adding the contrast just gives a clearer definition... best wishes x G x


I think Gwyn must be right - I don't think they would have done it if it wasn't going to be useful. If they can't access your veins there are several options. I had a device called a Hickman line which was inserted under local anaesthetic and removed after I finished chemo. They will discuss all of this with you, don't worry.

Best wishes, Monique


I did have similar problems (still do) as the chemo buggered up my veins, though they have always managed it in the end. Five tries to get blood is the record - and I know its been worse for other people - and on this occasion, I was told about the Hickman described by Monique above. In the event, it wasn't necessary.

I've been given a number of tips by nurses and phlebotomists. Drink plenty of water (I guess you would have had to do that for the CT scan anyway.) Run your hands under hot water. At one chemo session, after the first failed attempt, I sat with my hand in a bucket of warm water for 20 minutes. It did the trick.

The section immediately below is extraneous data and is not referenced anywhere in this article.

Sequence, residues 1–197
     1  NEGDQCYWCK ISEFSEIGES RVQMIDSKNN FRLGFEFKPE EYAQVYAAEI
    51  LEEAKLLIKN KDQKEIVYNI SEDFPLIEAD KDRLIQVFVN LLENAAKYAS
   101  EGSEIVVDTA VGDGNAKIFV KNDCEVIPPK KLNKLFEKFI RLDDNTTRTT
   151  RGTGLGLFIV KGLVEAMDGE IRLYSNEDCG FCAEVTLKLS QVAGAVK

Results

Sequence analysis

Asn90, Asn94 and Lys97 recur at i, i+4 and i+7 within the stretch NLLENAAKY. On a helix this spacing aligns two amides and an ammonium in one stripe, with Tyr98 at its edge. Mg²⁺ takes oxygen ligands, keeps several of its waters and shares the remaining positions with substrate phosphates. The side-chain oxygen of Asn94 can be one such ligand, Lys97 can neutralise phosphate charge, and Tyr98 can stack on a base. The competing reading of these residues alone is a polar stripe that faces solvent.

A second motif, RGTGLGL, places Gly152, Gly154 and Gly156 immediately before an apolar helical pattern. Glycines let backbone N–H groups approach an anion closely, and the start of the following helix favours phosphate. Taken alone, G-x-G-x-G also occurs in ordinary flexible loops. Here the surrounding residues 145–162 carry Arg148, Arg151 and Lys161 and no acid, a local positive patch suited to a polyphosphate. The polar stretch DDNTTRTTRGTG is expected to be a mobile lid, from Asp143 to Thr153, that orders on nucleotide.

Interestingly, the experienced phlebotomists have always got blood out of me at the first attempt.

Wishing you the best of luck


Mary xx


Hi Mary,

When I was on chemo they told me that a less experienced person is only allowed to try three times and then have to get a more experienced member of staff to do it, as it causes too much bruising, but once when they got a more experienced person to put the cannula in, he had trouble.. and they said if he couldn't do it... no one could. so I guess it happens a lot ... Love x G x


Hi Donna,